A fitting final installment in Terry Gilliam's trilogy begun with Time Bandits and continued with Brazil, The Adventures of Baron Munchausen shares many of those films strengths and weaknesses, but doesn't possess the visionary qualities of the latter.
A fitting final installment in Terry Gilliam’s trilogy begun with Time Bandits and continued with Brazil, The Adventures of Baron Munchausen shares many of those films strengths and weaknesses, but doesn’t possess the visionary qualities of the latter.
The film offers a continual feast for the eyes, and not enough for the funnybone or the heart. Set in Europe in the 18th century, tale begins with a city under intense siege by the Turks. An elderly gent who purports to be the Baron begins relating the true story of how he caused the war.
With this, Gilliam takes the viewer into the exquisite palace of the sultan, whose ferocity is aroused when he loses a bet to the visiting baron (John Neville). With the help of his variously and superhumanly gifted gang of four, which consists of the fastest runner in the world, a dwarf who can exhale with hurricane force, an expert sharpshooter and an immeasurably strong black man, the Baron makes off with the sultan’s entire treasure, but his city is left to suffer the consequences.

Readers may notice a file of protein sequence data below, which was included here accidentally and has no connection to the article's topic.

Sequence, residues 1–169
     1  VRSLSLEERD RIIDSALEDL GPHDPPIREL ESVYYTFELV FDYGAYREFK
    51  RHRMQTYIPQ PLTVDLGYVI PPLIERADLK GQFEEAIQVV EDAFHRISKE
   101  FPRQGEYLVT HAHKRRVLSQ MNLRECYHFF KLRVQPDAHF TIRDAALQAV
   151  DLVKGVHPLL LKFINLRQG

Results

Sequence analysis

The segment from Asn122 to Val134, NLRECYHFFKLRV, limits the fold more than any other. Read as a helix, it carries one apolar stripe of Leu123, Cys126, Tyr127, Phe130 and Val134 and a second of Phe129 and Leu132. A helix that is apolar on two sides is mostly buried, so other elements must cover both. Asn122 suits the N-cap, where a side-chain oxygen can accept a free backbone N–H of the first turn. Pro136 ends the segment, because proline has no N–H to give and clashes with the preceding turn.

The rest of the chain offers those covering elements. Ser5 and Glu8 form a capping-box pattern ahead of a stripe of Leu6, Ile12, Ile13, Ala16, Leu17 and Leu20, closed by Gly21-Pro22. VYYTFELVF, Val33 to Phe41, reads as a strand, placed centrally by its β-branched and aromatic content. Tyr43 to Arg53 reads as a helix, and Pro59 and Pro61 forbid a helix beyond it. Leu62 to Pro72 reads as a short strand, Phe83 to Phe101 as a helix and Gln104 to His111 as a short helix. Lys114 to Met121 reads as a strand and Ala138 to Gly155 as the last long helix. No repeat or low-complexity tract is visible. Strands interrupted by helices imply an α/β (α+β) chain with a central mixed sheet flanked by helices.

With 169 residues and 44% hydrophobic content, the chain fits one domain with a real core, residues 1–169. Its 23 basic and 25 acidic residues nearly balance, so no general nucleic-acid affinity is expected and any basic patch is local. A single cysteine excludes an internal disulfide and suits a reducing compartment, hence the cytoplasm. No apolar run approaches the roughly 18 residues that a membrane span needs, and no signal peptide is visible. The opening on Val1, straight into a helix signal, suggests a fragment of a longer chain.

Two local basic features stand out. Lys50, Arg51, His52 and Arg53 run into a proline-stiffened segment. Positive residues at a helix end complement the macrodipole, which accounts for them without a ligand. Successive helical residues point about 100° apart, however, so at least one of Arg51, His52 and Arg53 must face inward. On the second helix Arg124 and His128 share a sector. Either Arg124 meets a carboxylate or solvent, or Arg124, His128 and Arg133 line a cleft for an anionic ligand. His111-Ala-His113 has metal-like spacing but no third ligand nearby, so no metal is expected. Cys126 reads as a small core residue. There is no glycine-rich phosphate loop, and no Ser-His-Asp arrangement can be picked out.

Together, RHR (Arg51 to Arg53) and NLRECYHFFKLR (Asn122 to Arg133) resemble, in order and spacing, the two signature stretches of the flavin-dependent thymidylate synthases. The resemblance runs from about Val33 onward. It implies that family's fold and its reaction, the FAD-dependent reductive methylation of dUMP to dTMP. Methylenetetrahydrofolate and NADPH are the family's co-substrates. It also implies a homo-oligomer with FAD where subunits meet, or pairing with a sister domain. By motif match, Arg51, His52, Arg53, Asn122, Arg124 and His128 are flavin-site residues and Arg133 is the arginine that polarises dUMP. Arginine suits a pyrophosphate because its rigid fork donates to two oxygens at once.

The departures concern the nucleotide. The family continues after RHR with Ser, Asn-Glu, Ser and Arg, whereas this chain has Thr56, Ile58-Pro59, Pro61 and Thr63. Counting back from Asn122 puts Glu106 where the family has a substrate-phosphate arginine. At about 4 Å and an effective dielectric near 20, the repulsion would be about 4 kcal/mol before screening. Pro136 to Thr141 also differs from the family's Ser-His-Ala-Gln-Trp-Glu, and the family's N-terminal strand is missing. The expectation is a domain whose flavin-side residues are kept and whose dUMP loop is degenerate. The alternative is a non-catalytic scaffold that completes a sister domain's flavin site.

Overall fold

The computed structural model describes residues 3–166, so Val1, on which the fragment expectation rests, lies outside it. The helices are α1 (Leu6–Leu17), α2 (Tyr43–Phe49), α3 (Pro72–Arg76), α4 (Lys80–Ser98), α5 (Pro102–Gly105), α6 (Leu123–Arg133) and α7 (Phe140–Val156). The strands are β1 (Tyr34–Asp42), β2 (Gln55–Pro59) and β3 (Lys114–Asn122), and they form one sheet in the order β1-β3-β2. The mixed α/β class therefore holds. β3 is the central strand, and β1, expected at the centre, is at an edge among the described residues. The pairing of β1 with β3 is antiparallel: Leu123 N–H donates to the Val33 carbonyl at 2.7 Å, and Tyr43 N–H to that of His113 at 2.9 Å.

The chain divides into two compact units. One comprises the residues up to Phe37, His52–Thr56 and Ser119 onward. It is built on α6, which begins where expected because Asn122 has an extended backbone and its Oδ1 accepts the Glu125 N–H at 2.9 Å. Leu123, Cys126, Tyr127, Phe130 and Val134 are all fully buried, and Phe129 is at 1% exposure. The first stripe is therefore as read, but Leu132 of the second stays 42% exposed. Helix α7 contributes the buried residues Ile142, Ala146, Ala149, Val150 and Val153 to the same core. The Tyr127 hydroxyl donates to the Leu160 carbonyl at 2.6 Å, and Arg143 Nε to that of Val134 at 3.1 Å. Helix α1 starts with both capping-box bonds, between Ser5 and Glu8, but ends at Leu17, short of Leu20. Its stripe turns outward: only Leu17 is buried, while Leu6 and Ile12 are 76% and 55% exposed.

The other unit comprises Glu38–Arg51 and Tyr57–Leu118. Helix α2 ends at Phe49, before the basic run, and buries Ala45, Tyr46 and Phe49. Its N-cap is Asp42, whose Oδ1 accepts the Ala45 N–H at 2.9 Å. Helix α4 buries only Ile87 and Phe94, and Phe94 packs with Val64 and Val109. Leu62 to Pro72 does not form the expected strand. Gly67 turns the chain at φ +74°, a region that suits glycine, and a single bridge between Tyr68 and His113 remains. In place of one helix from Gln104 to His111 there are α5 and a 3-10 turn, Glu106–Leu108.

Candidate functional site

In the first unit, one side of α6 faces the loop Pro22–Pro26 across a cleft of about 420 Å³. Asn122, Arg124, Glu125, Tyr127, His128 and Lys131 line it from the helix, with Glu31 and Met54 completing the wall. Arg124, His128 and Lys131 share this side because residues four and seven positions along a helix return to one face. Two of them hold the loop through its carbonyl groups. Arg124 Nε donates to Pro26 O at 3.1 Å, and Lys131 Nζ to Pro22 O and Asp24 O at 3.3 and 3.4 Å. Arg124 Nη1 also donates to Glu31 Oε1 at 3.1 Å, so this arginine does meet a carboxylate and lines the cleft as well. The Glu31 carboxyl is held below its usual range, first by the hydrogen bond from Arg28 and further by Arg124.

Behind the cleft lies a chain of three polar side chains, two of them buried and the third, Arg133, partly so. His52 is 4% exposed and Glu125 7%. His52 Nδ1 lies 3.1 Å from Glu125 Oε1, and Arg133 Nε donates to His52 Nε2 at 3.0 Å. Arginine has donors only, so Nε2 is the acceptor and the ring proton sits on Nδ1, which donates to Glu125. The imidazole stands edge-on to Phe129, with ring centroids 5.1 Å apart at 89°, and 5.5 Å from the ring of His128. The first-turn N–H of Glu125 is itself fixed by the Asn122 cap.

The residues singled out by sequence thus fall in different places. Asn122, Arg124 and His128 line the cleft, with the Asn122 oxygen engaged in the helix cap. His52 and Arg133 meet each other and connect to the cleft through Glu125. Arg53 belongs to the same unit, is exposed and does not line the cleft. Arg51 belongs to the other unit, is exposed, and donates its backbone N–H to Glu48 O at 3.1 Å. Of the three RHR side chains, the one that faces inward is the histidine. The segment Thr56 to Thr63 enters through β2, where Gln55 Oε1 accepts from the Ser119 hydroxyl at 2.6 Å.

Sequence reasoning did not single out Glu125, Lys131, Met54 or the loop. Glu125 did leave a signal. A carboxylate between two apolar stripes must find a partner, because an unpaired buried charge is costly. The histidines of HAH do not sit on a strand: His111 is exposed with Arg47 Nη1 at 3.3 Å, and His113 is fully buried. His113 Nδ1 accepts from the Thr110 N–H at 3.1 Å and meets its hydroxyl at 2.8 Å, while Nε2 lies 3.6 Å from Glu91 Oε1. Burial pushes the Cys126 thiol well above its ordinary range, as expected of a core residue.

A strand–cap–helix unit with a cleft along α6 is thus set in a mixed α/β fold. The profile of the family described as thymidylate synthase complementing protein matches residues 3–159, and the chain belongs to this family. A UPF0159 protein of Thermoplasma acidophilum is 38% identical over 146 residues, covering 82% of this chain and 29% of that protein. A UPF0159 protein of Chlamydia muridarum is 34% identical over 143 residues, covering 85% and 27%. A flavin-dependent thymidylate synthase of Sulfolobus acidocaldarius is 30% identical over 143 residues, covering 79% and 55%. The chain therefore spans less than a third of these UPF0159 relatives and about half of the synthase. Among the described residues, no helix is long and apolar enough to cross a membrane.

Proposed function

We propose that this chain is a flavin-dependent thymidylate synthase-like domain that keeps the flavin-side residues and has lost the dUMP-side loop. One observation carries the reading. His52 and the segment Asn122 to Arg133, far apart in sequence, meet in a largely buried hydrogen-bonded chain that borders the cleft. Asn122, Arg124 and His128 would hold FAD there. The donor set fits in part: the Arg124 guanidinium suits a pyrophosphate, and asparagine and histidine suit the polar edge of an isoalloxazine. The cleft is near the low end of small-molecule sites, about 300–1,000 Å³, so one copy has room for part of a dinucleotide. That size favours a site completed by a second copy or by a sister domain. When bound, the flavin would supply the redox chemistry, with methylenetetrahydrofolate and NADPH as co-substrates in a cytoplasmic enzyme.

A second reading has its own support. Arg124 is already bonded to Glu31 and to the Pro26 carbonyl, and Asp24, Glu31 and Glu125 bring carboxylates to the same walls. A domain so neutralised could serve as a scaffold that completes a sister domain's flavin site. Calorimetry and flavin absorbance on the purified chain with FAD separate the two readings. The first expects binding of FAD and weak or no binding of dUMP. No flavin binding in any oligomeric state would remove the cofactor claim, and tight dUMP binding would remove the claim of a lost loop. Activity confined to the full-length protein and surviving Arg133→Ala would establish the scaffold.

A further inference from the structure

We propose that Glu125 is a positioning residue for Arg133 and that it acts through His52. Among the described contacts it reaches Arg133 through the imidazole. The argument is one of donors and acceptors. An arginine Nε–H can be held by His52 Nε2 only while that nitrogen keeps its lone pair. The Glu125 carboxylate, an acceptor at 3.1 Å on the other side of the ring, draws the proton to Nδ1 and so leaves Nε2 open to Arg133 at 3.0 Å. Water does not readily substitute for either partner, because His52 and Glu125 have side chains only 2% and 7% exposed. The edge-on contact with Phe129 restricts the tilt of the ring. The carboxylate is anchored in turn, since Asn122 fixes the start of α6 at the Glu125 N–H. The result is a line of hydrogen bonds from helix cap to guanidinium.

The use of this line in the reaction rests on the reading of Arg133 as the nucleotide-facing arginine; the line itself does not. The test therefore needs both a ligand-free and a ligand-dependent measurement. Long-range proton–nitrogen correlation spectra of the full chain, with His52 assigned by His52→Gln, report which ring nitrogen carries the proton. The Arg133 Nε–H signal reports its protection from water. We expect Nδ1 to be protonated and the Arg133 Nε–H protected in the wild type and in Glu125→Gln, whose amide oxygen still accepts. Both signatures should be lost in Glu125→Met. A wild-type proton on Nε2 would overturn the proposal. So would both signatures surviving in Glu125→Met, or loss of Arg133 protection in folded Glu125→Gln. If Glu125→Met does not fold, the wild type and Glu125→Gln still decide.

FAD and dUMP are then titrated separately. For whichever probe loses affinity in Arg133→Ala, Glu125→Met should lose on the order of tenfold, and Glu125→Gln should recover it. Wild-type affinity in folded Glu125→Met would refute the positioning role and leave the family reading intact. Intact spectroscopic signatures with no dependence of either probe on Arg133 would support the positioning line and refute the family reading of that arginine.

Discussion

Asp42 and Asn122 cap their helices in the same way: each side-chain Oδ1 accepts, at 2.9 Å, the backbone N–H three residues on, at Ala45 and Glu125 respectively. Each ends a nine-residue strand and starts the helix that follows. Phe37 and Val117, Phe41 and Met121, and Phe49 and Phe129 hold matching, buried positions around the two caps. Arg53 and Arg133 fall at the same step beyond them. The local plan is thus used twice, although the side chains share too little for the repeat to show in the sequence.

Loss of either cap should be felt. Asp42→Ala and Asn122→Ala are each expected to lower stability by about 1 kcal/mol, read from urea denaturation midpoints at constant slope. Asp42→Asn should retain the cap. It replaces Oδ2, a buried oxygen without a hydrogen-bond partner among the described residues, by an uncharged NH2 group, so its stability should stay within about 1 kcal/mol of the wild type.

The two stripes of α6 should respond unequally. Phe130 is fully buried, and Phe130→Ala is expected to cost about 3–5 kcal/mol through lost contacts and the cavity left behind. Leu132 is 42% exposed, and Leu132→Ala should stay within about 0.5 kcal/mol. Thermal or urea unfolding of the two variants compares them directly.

Promising to save the city from the renewed attack, the Baron escapes in a gigantic hot-air balloon fashioned out of ladies’ underwear, and goes in search of his four comrades. This journey takes the unlikely pair to some unlikely places where they meet some unlikely people.
1989: Nominations: Best Art Direction, Costume Design, Makeup, Visual Effects